NEW DELHI: Cricket bat manufacturers in Indian-administered Kashmir have welcomed the boost to their profile provided by Oman’s cricketers, some of whom have been using their equipment during the ongoing International Cricket Council’s Men’s T20 World Cup.
There are more than 400 producers of cricket bats in Kashmir, which is reportedly the only place in the world apart from the UK that makes cricket bats from the wood of willow trees — which were introduced to the region in the 19th century during British colonial rule — which is considered to be the best material for cricket bats.
Kashmir produces an estimated 3.5 million cricket bats every year, but most of them are sold within India. However, Kashmiri-made bats have been in the international spotlight during the ICC World Cup as the squad of co-hosts Oman have used them in their matches.
The bats used by the Omani cricketers in the tournament came from GR8 Sports, a producer in Sangam in Kashmir’s southern Anantnag.
“This is the first time that a Kashmiri willow bat made by a Kashmiri brand has been chosen by international players,” GR8 Sports owner Fawzul Kabir Dar told Arab News. His company produces around 60,000 willow bats every year but he expects that will now increase.
“It will be a boon and a boost to the Kashmiri economy,” he said. “It’s long overdue recognition for the Kashmiri willow bat.”
Omani player Naseem Khushi is one of those using a bat made by GR8 Sports.
“I have been playing cricket for 20 years and for Oman for the last six years,” the wicketkeeper-batsman said. “This is the first time I have used a bat made in Kashmir. It is more than satisfactory.”
He told Arab News there are four players in Oman’s squad using Kashmiri bats for the T20 World Cup and said they would “use this bat not only for this tournament, but for all future events.”
Dar and other industry stakeholders say that having Omani players use Kashmir-made equipment is proof that their bats are as good as those made in Great Britain.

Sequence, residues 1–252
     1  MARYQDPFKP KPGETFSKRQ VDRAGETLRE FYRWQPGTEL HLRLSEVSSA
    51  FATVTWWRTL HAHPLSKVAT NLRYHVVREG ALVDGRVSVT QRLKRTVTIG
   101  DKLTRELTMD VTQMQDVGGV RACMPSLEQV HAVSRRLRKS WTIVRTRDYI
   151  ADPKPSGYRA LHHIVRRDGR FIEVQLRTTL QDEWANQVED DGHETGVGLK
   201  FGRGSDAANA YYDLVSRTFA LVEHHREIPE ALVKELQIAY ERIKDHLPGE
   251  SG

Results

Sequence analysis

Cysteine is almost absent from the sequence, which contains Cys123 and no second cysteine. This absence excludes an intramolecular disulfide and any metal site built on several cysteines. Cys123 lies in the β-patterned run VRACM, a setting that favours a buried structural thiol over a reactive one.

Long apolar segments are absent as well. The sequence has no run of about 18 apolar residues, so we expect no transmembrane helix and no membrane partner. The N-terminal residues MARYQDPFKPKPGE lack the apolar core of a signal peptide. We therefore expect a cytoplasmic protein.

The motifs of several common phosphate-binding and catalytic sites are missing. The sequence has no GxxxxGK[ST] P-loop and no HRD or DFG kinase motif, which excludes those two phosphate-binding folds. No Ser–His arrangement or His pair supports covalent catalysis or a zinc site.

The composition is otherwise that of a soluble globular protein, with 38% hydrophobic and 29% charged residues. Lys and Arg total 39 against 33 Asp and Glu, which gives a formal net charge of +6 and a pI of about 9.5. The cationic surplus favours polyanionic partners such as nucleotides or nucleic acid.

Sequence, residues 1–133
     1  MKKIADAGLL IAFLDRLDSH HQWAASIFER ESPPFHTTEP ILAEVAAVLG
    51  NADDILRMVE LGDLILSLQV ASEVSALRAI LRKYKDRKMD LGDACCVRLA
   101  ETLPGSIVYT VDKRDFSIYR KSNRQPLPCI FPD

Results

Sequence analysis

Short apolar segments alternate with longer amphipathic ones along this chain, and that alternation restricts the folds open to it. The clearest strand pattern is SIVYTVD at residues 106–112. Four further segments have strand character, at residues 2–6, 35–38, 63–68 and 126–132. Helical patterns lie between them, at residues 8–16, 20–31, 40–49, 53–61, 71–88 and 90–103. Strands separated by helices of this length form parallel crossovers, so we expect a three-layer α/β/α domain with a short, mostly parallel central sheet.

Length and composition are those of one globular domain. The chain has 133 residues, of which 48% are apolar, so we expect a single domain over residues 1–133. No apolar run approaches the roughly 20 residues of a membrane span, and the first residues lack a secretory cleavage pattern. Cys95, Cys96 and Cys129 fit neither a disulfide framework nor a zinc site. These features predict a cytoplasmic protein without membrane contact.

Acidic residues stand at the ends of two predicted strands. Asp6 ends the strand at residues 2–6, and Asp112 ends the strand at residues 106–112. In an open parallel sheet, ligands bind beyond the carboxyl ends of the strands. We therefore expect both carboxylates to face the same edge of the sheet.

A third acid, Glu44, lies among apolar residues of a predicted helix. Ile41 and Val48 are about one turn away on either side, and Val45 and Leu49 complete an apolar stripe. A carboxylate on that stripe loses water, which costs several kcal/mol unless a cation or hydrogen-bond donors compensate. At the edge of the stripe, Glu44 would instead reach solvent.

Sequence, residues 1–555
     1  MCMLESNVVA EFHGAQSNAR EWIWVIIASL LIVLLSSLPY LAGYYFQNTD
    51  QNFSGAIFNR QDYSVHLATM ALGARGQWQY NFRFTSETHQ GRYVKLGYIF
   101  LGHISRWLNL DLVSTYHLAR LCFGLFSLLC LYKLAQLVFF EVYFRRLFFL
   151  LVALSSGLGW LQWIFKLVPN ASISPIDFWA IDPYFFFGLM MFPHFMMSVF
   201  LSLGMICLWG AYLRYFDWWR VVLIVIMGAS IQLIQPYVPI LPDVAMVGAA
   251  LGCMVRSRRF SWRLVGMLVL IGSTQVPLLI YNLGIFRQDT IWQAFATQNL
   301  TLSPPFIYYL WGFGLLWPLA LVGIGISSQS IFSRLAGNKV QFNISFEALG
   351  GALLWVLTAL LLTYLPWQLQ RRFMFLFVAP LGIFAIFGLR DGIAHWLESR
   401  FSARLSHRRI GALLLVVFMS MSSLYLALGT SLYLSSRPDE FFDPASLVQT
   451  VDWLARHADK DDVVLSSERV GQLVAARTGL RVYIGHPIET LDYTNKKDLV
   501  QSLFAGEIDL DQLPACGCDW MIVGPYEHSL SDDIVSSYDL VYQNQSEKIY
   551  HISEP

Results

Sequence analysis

“So far, people did not understand that Kashmiri willow is of the same quality as the British willow. Now it’s proven that we are on par with our international competitor,” Dar said. “This has really brought cheer to the industry, which has been yearning for international recognition for a long time.”
Mudassir Dar of Good Luck Sports, another Anantnag-based manufacturer, said he was “elated with the newfound recognition” of Kashmiri-made bats. “We are making progress,” he said. “God willing, we will introduce it in next year’s Indian Premier League.”
Kashmir Chamber of Commerce and Industry president Sheikh Ashiq Ahmad said: “So far, Kashmiri manufacturers were supplying raw materials to outside companies, but now they are making the finished products themselves. It’s a great achievement.” He expressed his hope that the government would help to expand the industry, which currently involves 10,000 families in the region.
“Some small support in terms of branding and marketing from the government will help the local manufacturers a lot,” Ahmad said. “The expansion of the industry will engage more families in this business.”